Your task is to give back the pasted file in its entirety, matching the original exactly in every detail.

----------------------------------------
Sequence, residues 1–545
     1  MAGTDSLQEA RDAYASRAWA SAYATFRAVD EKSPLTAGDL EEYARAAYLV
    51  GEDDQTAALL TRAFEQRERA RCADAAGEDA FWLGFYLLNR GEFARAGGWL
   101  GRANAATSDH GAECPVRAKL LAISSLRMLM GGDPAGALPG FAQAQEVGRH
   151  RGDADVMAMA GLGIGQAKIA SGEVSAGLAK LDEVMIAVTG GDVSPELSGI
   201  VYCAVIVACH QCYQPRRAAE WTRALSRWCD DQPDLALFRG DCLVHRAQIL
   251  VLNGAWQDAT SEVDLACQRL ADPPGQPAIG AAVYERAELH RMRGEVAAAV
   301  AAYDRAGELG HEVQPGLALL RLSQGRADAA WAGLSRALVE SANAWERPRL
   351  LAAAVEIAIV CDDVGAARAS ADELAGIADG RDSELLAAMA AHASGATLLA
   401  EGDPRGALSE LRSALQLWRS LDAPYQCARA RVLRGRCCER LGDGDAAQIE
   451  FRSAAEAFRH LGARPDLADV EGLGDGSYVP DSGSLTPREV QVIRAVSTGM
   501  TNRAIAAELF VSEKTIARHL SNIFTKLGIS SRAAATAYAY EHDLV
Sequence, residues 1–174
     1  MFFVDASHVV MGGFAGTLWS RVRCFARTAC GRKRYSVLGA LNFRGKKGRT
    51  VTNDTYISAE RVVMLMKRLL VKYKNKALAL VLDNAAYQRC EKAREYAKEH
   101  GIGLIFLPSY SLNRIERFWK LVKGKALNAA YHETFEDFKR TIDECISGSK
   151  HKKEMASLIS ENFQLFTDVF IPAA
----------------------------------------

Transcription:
Sequence, residues 1–545
     1  MAGTDSLQEA RDAYASRAWA SAYATFRAVD EKSPLTAGDL EEYARAAYLV
    51  GEDDQTAALL TRAFEQRERA RCADAAGEDA FWLGFYLLNR GEFARAGGWL
   101  GRANAATSDH GAECPVRAKL LAISSLRMLM GGDPAGALPG FAQAQEVGRH
   151  RGDADVMAMA GLGIGQAKIA SGEVSAGLAK LDEVMIAVTG GDVSPELSGI
   201  VYCAVIVACH QCYQPRRAAE WTRALSRWCD DQPDLALFRG DCLVHRAQIL
   251  VLNGAWQDAT SEVDLACQRL ADPPGQPAIG AAVYERAELH RMRGEVAAAV
   301  AAYDRAGELG HEVQPGLALL RLSQGRADAA WAGLSRALVE SANAWERPRL
   351  LAAAVEIAIV CDDVGAARAS ADELAGIADG RDSELLAAMA AHASGATLLA
   401  EGDPRGALSE LRSALQLWRS LDAPYQCARA RVLRGRCCER LGDGDAAQIE
   451  FRSAAEAFRH LGARPDLADV EGLGDGSYVP DSGSLTPREV QVIRAVSTGM
   501  TNRAIAAELF VSEKTIARHL SNIFTKLGIS SRAAATAYAY EHDLV
Sequence, residues 1–174
     1  MFFVDASHVV MGGFAGTLWS RVRCFARTAC GRKRYSVLGA LNFRGKKGRT
    51  VTNDTYISAE RVVMLMKRLL VKYKNKALAL VLDNAAYQRC EKAREYAKEH
   101  GIGLIFLPSY SLNRIERFWK LVKGKALNAA YHETFEDFKR TIDECISGSK
   151  HKKEMASLIS ENFQLFTDVF IPAA